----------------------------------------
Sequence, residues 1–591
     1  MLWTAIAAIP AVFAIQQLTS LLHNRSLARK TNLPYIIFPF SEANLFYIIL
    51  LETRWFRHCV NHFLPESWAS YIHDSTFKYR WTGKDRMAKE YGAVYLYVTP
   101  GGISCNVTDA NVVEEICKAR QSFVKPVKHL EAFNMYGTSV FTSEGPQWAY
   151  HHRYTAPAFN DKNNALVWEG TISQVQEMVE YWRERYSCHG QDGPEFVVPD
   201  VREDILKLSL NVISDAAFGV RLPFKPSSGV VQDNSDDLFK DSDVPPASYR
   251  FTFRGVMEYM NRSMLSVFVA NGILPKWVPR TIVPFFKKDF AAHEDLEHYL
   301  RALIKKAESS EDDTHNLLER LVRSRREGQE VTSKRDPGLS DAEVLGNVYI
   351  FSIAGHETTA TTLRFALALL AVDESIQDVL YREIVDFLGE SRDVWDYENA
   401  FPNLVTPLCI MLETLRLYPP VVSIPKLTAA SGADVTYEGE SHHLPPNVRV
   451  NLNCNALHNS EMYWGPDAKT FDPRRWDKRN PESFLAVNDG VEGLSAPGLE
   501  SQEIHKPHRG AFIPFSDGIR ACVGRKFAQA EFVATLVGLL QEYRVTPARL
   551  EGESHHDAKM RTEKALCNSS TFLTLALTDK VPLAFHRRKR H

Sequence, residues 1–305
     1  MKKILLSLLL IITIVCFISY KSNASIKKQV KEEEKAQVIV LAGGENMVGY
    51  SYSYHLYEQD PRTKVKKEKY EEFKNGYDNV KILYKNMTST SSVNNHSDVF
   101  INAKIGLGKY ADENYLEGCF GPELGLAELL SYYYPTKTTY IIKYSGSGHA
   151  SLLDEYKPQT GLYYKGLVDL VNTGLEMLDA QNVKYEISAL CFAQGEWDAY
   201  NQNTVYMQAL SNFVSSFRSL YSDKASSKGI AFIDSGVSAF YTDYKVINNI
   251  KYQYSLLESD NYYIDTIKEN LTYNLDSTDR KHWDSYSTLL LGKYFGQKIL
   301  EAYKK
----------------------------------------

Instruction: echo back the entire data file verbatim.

Sequence, residues 1–591
     1  MLWTAIAAIP AVFAIQQLTS LLHNRSLARK TNLPYIIFPF SEANLFYIIL
    51  LETRWFRHCV NHFLPESWAS YIHDSTFKYR WTGKDRMAKE YGAVYLYVTP
   101  GGISCNVTDA NVVEEICKAR QSFVKPVKHL EAFNMYGTSV FTSEGPQWAY
   151  HHRYTAPAFN DKNNALVWEG TISQVQEMVE YWRERYSCHG QDGPEFVVPD
   201  VREDILKLSL NVISDAAFGV RLPFKPSSGV VQDNSDDLFK DSDVPPASYR
   251  FTFRGVMEYM NRSMLSVFVA NGILPKWVPR TIVPFFKKDF AAHEDLEHYL
   301  RALIKKAESS EDDTHNLLER LVRSRREGQE VTSKRDPGLS DAEVLGNVYI
   351  FSIAGHETTA TTLRFALALL AVDESIQDVL YREIVDFLGE SRDVWDYENA
   401  FPNLVTPLCI MLETLRLYPP VVSIPKLTAA SGADVTYEGE SHHLPPNVRV
   451  NLNCNALHNS EMYWGPDAKT FDPRRWDKRN PESFLAVNDG VEGLSAPGLE
   501  SQEIHKPHRG AFIPFSDGIR ACVGRKFAQA EFVATLVGLL QEYRVTPARL
   551  EGESHHDAKM RTEKALCNSS TFLTLALTDK VPLAFHRRKR H

Sequence, residues 1–305
     1  MKKILLSLLL IITIVCFISY KSNASIKKQV KEEEKAQVIV LAGGENMVGY
    51  SYSYHLYEQD PRTKVKKEKY EEFKNGYDNV KILYKNMTST SSVNNHSDVF
   101  INAKIGLGKY ADENYLEGCF GPELGLAELL SYYYPTKTTY IIKYSGSGHA
   151  SLLDEYKPQT GLYYKGLVDL VNTGLEMLDA QNVKYEISAL CFAQGEWDAY
   201  NQNTVYMQAL SNFVSSFRSL YSDKASSKGI AFIDSGVSAF YTDYKVINNI
   251  KYQYSLLESD NYYIDTIKEN LTYNLDSTDR KHWDSYSTLL LGKYFGQKIL
   301  EAYKK